Head injuries are fairly common and occur at a rate of over 1 million per year in the United States. Approximately 500,000 of those cases are severe enough to require treatment in an emergency room. Serious head injury results in death nearly 35% of the time and results in permanent disability in 50% of patients. The incidence of head injury is highest among those over the age of 75 mostly as a result of falling. Young adults between the ages of 15 and 24 make up the group with the second highest rate of brain injury mainly due to motor vehicle accidents. Head injury can occur any time the head is hit by another object or when the head slams into another object and for reporting purposes the injuries are generally classified as being caused by a fall, vehicle accident, sports injury, assault, strike by an object, and war injury.

All head injuries should be taken seriously, even if they appear mild at the time. Damage to the brain can sometimes be difficult to determine right away as the brain may have a slow bleed or take a period of time to swell to the point that symptoms can be observed.

There are four types of head injuries. These are concussion, contusion, fracture, and hematoma. A concussion is a jarring injury and usually causes the person to pass out and feel dazed. A concussion is also known as a shearing head injury because trauma can be done to the cells as they are sheared or jarred yet there is no obvious external damage. A contusion is a little more serious and is an actual bruise on the brain which means there is bleeding and swelling inside the skull. A skull fracture is when the skull itself cracks. The fracture can be just a slight crack or can be severe enough to send shards of bone deep into the brain which causes further brain trauma. A hematoma is a bump on the head which results from the collection of blood and clots which is a sign of bleeding inside the skull.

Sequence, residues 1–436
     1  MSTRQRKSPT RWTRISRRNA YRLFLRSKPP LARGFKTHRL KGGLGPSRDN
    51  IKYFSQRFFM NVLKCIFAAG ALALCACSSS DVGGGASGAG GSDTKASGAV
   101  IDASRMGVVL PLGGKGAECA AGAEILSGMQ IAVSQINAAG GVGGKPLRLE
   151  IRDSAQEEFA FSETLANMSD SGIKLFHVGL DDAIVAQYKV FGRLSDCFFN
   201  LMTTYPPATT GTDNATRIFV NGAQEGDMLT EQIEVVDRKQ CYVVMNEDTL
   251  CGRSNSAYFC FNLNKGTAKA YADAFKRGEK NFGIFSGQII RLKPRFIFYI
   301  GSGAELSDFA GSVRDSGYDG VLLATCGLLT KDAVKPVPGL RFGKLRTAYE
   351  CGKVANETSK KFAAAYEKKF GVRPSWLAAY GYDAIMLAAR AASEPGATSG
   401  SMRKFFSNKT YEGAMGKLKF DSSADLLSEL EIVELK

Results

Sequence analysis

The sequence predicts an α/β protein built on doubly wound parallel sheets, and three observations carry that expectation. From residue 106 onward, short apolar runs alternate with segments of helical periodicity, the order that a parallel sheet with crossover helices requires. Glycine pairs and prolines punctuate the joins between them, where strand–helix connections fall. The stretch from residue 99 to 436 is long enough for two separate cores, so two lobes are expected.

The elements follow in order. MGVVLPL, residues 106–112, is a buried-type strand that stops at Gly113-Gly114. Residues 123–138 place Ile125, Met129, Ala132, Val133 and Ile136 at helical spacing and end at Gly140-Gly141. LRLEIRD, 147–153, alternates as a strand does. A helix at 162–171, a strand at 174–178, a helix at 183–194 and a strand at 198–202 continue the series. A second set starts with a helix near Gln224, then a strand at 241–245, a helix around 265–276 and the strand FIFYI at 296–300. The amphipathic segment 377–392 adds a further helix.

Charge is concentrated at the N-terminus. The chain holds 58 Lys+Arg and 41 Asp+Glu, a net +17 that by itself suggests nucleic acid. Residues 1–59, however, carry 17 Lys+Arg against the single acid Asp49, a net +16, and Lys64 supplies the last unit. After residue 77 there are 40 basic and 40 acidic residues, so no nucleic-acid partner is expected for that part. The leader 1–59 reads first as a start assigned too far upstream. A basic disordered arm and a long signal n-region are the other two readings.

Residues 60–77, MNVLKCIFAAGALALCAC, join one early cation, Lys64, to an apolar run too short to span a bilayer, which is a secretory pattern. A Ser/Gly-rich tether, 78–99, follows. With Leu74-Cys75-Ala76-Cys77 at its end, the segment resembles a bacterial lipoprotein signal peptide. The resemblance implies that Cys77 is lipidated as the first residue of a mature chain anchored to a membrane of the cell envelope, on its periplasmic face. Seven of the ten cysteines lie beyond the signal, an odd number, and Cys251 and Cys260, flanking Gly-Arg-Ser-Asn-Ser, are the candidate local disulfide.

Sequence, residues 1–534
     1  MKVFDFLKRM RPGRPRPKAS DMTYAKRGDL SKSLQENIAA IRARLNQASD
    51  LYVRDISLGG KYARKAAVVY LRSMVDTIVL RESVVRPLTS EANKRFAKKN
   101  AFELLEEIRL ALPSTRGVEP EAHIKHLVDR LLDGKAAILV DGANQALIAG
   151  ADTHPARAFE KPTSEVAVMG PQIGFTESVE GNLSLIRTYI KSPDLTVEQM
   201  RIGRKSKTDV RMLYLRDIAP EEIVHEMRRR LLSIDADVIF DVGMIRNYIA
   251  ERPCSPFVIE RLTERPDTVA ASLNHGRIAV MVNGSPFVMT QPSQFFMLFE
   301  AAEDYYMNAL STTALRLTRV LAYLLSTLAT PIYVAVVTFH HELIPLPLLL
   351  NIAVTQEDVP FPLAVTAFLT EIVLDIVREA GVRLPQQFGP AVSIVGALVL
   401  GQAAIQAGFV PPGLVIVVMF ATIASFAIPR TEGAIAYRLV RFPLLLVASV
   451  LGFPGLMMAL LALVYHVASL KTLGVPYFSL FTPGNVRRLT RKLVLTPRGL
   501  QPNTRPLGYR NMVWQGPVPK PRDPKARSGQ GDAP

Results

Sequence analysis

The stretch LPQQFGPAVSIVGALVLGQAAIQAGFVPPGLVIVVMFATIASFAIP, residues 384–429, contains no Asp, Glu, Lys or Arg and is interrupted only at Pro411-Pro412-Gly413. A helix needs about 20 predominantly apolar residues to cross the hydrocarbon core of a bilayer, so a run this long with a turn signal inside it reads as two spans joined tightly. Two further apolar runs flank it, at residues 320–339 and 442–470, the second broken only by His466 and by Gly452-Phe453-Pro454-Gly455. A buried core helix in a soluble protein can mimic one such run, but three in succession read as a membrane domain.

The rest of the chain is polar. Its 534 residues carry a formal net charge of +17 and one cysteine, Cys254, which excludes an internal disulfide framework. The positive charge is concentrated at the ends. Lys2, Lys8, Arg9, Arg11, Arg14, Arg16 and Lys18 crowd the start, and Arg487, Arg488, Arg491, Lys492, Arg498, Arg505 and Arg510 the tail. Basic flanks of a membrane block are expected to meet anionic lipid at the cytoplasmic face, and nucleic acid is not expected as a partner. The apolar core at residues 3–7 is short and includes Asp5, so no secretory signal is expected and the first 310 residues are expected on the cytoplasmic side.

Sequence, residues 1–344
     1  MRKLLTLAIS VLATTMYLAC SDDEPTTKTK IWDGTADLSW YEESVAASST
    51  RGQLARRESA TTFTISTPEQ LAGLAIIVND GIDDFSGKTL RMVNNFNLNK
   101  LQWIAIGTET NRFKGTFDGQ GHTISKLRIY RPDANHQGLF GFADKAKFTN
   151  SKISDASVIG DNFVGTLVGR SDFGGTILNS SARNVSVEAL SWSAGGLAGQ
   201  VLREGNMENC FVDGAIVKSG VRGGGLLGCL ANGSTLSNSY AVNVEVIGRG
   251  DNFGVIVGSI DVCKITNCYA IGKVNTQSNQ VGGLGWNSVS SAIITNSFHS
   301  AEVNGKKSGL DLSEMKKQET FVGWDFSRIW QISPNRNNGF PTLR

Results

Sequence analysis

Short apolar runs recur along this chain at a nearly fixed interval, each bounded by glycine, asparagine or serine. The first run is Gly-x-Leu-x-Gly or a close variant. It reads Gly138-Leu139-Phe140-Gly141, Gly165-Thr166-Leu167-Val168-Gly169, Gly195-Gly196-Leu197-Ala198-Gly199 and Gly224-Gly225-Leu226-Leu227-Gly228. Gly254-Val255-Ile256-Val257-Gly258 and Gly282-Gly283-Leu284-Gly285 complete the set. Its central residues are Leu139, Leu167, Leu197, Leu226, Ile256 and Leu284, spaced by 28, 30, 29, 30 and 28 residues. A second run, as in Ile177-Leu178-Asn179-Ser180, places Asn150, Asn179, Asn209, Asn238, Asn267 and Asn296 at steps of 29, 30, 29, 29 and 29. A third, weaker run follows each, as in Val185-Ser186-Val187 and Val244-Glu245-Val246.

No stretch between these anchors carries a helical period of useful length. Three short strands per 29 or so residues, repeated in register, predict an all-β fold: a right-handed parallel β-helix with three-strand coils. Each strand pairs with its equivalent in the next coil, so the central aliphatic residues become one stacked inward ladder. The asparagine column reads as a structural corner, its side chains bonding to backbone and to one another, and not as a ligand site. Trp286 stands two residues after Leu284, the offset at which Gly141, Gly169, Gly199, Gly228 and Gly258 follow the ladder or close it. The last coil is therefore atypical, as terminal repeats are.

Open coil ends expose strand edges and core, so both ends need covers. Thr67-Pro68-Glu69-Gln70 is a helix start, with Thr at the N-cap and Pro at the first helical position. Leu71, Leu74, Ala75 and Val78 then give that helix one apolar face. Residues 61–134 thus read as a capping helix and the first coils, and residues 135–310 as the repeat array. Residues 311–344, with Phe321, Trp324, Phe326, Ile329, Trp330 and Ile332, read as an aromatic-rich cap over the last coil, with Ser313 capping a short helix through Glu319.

The human skull is made up of 8 bony plates and protected by an outer layer of hair, skin, fat, and muscle. Inside the skull, the brain floats in a pool of cerebrospinal fluid which is encased by connective tissue and membranes. This all works together to act as a shock absorber so the brain is not damaged by minor blows or sudden jarring movements.

An open head injury occurs when the skull or another sharp object pierces the brain and causes damage. A closed injury happens as a result of a severe jarring impact which causes the brain to slam against the inside of the skull. This can cause bleeding, swelling, and bruising.

Symptoms of a brain injury include loss of vision, nausea, loss of balance, listlessness, headache, memory loss, difficulty concentrating, and abnormal behavior. These symptoms can linger for weeks or even for several months if the injury is severe. A person who has had a head injury should be monitored closely and may even require hospitalization and an MRI scan. The person should be quizzed periodically to check memory and thinking ability. Symptoms that require immediate medical attention include change in pupil size, severe nausea, numbness or weakness of the arms or legs, fluid or blood draining from the ears or nose, seizures, or a sudden change in behavior.

Initially, treatment for a head injury includes basic first aid. Try to keep the injured person still. Don’t move him unless he is in a life threatening position. Attempt to stop bleeding by applying pressure unless a skull fracture is suspected. Do not apply pressure on a fractured skull. Observe the person constantly and watch for changes in alertness, breathing, and pulse. Begin CPR if indicated.

After being taken to an emergency room, the patient may require surgery to repair the skull and brain tissue. Drugs may be administered to slow the bleeding and swelling. Areas of the brain which are seriously damaged or destroyed in a head injury will most likely be damaged for life. The person may be able to regain some degree of normal functioning after going through rehabilitation which retrains the brain.

Rehabilitation after brain injury includes cognitive retraining exercises which work in a manner similar to rebuilding a weak muscle. This type of therapy includes playing games and working puzzles to exercise the brain. Speech therapy may also be indicated if damage has been done to the speech area of the brain. Physical therapy will also be used to strengthen weakened muscles and retrain the brain to walk and co-ordinate movements. Occupational therapy is useful for helping the individual learn adaptive techniques to compensate for skills permanently lost.

Due to the serious nature of a head injury, prevention is of utmost importance. Wear a helmet when riding a bicycle or motorcycle and wear a seat belt when driving or riding in a motor vehicle.


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Published November 17, 2011 by